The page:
db 0E9h ;IP relative JMP -> same as jmp foo
db foo - $

So there is no need of any relocation since the assembler calculates the IP relative distance to the destination address. This is the same for any conditional jump, they don't work either, although to me there is not really a reason imaginable why not the assembler calculates this relative jumps. Tomasz?

Regards,
Mysli
Post 20 Aug 2006, 11:27
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Tomasz Grysztar



Joined: 16 Jun 2003
Posts: 7783
Location: Kraków, Poland
Tomasz Grysztar
If you do "jmp dword foo" (even "jmp short dword foo") it's going to work correctly. However with "use16" the jumps are "word" ones by default, and those jumps modify IP only (clearing the high 16 bits of EIP). Since the "foo" is a 32-bit relocatable value that in most cases will probably not fit in 16 bits, such instruction cannot be ensured to work properly and thus assembler gives you "invalid use of symbol" error.
Post 20 Aug 2006, 12:14
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mysli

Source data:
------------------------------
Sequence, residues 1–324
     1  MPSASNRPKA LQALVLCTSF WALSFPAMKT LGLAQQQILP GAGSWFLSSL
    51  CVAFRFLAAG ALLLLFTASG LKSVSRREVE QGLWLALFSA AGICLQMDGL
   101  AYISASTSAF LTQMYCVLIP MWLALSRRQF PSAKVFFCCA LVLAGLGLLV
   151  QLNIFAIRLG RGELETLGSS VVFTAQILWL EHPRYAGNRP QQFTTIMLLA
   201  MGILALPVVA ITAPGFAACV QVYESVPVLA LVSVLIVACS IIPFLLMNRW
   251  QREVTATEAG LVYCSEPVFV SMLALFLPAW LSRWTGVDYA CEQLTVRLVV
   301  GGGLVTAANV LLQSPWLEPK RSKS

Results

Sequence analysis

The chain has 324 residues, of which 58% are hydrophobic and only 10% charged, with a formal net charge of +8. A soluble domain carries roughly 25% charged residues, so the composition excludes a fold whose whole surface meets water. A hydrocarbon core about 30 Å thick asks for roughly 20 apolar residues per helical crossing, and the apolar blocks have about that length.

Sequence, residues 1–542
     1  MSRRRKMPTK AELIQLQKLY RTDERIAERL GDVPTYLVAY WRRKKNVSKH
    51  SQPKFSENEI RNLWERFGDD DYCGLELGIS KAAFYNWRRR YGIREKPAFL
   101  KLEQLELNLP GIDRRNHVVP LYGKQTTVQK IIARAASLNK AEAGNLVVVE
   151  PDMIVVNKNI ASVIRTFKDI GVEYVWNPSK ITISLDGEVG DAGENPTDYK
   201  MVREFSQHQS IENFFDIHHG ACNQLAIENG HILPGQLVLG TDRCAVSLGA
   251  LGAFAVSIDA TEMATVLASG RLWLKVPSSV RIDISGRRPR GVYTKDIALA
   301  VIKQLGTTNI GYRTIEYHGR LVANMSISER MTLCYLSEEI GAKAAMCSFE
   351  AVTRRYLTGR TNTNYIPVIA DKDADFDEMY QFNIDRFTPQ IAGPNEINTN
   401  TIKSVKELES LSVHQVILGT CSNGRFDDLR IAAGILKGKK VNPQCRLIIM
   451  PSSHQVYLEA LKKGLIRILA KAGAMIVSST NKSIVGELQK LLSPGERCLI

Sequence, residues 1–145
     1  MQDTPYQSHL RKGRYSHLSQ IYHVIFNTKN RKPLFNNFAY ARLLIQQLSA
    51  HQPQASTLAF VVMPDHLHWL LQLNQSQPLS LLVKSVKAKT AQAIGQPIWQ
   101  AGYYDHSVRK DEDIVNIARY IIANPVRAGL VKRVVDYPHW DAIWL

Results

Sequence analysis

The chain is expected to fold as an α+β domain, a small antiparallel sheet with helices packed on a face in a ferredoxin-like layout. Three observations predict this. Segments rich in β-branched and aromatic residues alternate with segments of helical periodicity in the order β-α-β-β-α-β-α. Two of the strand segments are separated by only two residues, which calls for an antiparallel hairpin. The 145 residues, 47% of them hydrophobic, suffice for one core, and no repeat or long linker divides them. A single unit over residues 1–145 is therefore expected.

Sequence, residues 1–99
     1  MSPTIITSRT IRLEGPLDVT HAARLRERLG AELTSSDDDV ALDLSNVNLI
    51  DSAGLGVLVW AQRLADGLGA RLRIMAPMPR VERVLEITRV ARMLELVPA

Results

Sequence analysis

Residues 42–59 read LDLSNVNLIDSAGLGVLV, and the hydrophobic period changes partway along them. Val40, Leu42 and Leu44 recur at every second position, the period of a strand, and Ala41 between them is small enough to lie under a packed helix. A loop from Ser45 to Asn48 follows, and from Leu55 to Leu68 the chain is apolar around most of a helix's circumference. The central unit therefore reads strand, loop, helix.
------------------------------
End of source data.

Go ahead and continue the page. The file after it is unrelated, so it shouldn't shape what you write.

Joined: 18 Aug 2006
Posts: 7
mysli
Why do you consider "foo" in my example as a relocatable value, to me it just represents a value of the IP. A relocatable value to me is a variable where I don't know its address during design of the code, and which depents on the absolute location in memory during execution, but I think this is not the case for the label "foo", its address is independent of the absolute location in memory and therefore no relocation is needed. "foo" will also not show up in the relocation table of the COFF later on.

How do you do this for "binaries", how are jumps evaluated there?

Would there be the chance to force the assembler to take only 16bit of the
EIP into account, i.e.

jmp word foo

or

jc word foo

or what ever. Then it would be up to the programmer to use the right wording to generate the right code.

One more question, in general does the "use16" directive also effect the default width of the (E)IP or just the usage of the prefixes 66h/67h?

Regards,
Mysli
Post 21 Aug 2006, 11:05
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Tomasz Grysztar



Joined: 16 Jun 2003
Posts: 7783
Location: Kraków, Poland
Tomasz Grysztar
mysli wrote: